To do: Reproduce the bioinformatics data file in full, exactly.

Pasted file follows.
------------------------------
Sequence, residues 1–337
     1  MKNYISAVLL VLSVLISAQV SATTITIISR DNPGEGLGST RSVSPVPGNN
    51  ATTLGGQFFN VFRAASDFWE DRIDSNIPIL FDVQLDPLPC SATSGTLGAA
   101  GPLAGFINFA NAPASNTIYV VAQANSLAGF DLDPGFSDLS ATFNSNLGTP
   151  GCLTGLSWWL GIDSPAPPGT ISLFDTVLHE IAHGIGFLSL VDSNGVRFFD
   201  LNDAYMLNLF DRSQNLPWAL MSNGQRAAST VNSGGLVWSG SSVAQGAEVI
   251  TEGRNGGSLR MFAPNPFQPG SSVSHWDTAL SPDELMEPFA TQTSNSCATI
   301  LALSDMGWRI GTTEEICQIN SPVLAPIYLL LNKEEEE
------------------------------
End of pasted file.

Sequence, residues 1–337
     1  MKNYISAVLL VLSVLISAQV SATTITIISR DNPGEGLGST RSVSPVPGNN
    51  ATTLGGQFFN VFRAASDFWE DRIDSNIPIL FDVQLDPLPC SATSGTLGAA
   101  GPLAGFINFA NAPASNTIYV VAQANSLAGF DLDPGFSDLS ATFNSNLGTP
   151  GCLTGLSWWL GIDSPAPPGT ISLFDTVLHE IAHGIGFLSL VDSNGVRFFD
   201  LNDAYMLNLF DRSQNLPWAL MSNGQRAAST VNSGGLVWSG SSVAQGAEVI
   251  TEGRNGGSLR MFAPNPFQPG SSVSHWDTAL SPDELMEPFA TQTSNSCATI
   301  LALSDMGWRI GTTEEICQIN SPVLAPIYLL LNKEEEE